The humanitarian crisis in Yemen, already the world's worst, will deteriorate in 2019, the UN said Tuesday, warning that the number of people needing food aid is set to jump by four million.
The grim forecast for the embattled country came as the United Nations humanitarian office OCHA released its projected needs assessments for next year.
"The country with the biggest problem in 2019 is going to be Yemen," OCHA chief Mark Lowcock told reporters in Geneva.
He said that in 2017, the UN was providing food assistance to three million people a month.
That figure rose to eight million per month this year and is expected to hit 12 million in 2019, Lowcock added.
The crisis in Yemen spiralled after a Saudi-led coalition launched an offensive to support the government against Iran-backed Huthi rebels in March of 2015.
The situation has worsened in recent months due to a broad economic collapse and rising violence in the rebel-held port of Hodeida, a crucial import hub for food and other basic supplies.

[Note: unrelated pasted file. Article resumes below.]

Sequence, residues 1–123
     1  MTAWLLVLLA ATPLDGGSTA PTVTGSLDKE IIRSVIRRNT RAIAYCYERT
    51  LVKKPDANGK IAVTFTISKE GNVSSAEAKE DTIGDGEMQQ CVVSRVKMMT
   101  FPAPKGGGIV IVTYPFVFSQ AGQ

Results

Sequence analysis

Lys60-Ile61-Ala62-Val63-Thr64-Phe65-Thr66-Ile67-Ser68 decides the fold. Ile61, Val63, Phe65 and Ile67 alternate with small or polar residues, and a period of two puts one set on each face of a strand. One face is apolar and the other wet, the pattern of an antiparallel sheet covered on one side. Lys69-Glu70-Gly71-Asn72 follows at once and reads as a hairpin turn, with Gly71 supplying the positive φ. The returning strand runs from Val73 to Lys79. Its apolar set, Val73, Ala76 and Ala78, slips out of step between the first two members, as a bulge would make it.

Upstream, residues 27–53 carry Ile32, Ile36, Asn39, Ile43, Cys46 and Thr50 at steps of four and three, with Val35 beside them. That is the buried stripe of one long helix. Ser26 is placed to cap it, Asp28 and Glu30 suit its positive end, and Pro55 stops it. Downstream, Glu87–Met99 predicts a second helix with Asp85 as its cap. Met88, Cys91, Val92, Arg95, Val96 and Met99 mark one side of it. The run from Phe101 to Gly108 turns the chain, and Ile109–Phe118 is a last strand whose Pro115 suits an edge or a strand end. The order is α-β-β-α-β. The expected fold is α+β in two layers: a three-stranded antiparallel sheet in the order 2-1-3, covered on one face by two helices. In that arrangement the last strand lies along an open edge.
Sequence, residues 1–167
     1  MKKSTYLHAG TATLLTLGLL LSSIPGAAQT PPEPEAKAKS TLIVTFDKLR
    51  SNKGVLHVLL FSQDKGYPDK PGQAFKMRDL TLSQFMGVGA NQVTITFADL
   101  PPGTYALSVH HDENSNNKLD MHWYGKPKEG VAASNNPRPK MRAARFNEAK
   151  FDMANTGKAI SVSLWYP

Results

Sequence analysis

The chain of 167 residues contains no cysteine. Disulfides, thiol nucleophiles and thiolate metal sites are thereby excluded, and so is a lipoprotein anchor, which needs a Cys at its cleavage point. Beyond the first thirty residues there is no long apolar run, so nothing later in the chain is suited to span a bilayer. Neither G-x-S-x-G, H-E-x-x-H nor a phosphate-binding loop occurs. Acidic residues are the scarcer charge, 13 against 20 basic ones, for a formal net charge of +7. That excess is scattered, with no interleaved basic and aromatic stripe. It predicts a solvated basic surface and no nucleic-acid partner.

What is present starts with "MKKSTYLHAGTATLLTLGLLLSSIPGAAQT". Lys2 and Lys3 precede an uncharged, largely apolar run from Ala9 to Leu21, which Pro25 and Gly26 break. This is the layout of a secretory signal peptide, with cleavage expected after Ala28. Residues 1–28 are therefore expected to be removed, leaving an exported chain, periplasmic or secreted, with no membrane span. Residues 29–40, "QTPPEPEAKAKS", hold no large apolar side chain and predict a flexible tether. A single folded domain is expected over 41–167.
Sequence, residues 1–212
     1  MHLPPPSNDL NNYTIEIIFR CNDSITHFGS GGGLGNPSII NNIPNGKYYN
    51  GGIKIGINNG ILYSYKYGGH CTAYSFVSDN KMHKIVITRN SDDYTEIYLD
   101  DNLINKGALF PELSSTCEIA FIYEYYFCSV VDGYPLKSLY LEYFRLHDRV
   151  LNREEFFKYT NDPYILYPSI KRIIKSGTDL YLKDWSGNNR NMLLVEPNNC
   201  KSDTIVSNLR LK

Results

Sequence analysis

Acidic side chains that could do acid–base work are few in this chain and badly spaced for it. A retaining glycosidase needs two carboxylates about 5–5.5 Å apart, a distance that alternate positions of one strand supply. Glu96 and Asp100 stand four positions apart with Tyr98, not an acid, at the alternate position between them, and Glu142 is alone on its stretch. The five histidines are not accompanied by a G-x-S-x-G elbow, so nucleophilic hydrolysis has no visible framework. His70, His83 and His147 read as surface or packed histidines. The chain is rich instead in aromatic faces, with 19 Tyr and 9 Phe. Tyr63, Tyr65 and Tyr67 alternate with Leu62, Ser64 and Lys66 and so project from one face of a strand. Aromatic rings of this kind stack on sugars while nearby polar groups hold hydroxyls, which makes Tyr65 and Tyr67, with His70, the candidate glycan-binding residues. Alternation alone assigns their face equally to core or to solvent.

Lowcock said the UN is asking for USD 4 billion (3.5 billion euros) to help suffering Yemenis next year.
Overall, 24 million people in Yemen -- roughly 75 per cent of the population -- will need humanitarian assistance in 2019.
Lowcock noted that the government will also need additional budget support from other countries to pay salaries and pensions in order to contain wider suffering.
He indicated that some of Yemen's allies in the Gulf, notably Saudi Arabia have committed to continue helping finance the government.
The OCHA chief stressed however that the outlook for Yemen could improve if progress is made at UN-brokered peace talks, set to begin in Sweden this month.
If the talks show results, "it is possible that we could find by the second half of the year that the extreme edge could get taken off the suffering of those people who have no form of income," Lowcock said, while noting that diplomatic gains were difficult to predict.
"The appeal we are making is based on our assessment of what the situation will actually be, rather than wishful thinking about what we would all like it to be," he added.